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Jan 16, 2013 11:15 AMPublication: The Southampton Press

Coliseum Deal At Heart Of Accusations Against Tribe Leaders

Jan 16, 2013 11:40 AM

The five members of the Shinnecock Indian Nation who were ostensibly ousted from their official tribal positions last fall had been in the midst of crafting a deal in which the tribe would have purchased the Nassau Coliseum and surrounding property, along with thousands of acres of other land around Nassau and Suffolk counties, with the help of a multibillion-dollar real estate hedge fund.

The ambitious deal became the lynch-pin of the case against the five men, who were painted by critics within the tribe as having concealed their plans from other tribe members and leadership, and possibly having motives other than tribal benefit at heart.

The men—Tribal Trustees Lance Gumbs and Gordell Wright, Shinnecock Gaming Authority members Barre Hamp and Phil Brown, and consultant Charles Randall—have steadfastly denied any ulterior motives or wrongdoing. They have argued that the still conceptual negotiations they were involved in over the Nassau Veterans Memorial Coliseum property were following the normal process by which a number of potential tribal acquisitions in recent years have been handled. They were working to bring the deal to a stage where it was ready to be executed and could be explained in detail to the broader tribal membership and brought up for a vote of approval.

Conversely, the men have accused other tribal leaders, Trustees Chairman Randy King in particular, of having kept far more developed and detailed deals—including one to purchase a large parcel of land adjacent to CitiField, the New York Mets baseball stadium in Queens—hidden from even upper level tribal officials.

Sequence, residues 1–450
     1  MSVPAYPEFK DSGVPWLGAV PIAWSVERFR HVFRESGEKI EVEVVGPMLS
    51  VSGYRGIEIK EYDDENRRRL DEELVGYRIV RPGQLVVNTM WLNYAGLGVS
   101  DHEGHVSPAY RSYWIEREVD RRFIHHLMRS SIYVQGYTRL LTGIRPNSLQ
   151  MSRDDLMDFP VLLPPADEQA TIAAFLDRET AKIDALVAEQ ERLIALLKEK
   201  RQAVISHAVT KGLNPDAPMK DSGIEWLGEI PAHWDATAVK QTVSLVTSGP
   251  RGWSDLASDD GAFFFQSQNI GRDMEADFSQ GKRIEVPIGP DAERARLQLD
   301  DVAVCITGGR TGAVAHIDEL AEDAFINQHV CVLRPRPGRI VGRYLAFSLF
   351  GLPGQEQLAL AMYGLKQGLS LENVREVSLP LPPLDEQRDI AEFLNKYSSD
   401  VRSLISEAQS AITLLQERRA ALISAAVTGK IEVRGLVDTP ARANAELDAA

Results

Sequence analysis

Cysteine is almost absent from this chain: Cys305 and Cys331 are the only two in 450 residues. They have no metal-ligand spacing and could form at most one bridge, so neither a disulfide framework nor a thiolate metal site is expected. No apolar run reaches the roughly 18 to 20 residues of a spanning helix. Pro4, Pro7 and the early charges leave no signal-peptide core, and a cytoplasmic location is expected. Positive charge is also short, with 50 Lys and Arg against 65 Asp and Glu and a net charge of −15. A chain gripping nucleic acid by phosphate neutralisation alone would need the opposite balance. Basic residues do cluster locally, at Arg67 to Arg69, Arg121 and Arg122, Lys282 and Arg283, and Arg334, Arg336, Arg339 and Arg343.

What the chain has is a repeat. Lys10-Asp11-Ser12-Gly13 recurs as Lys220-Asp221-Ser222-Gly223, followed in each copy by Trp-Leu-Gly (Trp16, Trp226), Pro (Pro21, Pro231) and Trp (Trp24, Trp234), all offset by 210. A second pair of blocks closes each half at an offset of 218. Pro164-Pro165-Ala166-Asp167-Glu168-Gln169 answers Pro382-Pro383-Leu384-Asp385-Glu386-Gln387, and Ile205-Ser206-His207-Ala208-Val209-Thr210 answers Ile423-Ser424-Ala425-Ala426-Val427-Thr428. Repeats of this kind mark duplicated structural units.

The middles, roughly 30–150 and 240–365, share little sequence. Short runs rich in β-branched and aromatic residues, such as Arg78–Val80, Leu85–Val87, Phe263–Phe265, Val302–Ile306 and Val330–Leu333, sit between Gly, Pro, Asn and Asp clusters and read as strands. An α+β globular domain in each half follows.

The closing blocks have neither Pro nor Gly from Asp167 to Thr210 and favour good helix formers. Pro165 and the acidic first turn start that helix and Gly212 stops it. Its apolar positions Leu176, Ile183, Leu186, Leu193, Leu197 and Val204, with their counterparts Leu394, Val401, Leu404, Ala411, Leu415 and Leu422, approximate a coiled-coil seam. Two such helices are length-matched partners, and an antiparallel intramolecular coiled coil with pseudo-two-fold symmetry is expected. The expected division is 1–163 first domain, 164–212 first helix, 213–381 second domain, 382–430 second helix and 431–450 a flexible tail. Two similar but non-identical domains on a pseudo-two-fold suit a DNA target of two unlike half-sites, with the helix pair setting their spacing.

The accusations against them, and the squashing of the deal the men had arranged with investors, a hedge fund known as Och-Ziff Capital Management Group, are the tip of the iceberg, the men say, of a host of efforts by Detroit casino developers Michael Malik and Marian Ilitch to gain a stranglehold on any potential tribal development deals and hamstring the tribe’s ability to pursue economic projects beyond those it has agreed to with Mr. Malik and Ms. Ilitch’s company, Gateway Casino Resorts.

“He saw that we had found someone else who was ready to work with us, so he had to stop it,” Mr. Randall said in an interview last week. “[Och Ziff] suddenly had access to a half billion [dollars] worth of Long Island deals that they had no prior knowledge of, so they were eager to get on board with us on the ground floor. Malik couldn’t have that.”

According to details of the Coliseum deal shared with The Press by Mr. Randall and the other men, the acquisition would have focused on the purchase of the property as a real estate investment and potential revenue generator, exclusive of the property’s potential for casino development down the road. The tribe and their private investment partners were pledging to build a new arena to replace the 40-year-old Coliseum, the home of the NHL’s New York Islanders, and develop a host of retail, hotel and other uses on the 77-acre property, which is largely vacant other than the 18,000-seat Coliseum building.

“We would have controlled that beautiful piece of property,” Mr. Randall said. “We wanted to create an entertainment destination with the accessory facilities. It was an investment in future returns.”

Perhaps most significantly, the purchase of the property would have positioned the tribe to be a landlord with prime space available for a casino development by any commercial gaming group, if and when Governor Andrew Cuomo’s proposal to legalize a limited number of casinos in the state is approved by voters, Mr. Randall noted. It would also have given the tribe a potential revenue source while its casino aspirations are brought to fruition.

The tribe and representatives of Gateway had been a part of negotiations with Nassau County Executive Ed Mangano’s office in 2011 about making a Shinnecock-run casino the anchor of redevelopment of the Coliseum property. But in June of that year, Mr. Mangano announced that a tribal casino deal was off the table, and that the county would hold a referendum on a $400 million bond for the renovations and rent the Coliseum to the Islanders for $14 million a year. Just a week later, the tribe and Mr. Malik announced plans, with Mr. Mangano’s blessing, for a casino development attached to the Belmont Race Track.

But Mr. Randall says that when the referendum failed spectacularly at the polls that August, he almost immediately heard grumbling that the county would entertain a new Shinnecock proposal for the redevelopment of the site. “From that day on, it was always in the background that this was not the end of it,” Mr. Randall said. “But Malik and Ilitch were working with the Wilpons on the site by [CitiField] by then, so they weren’t interested.”

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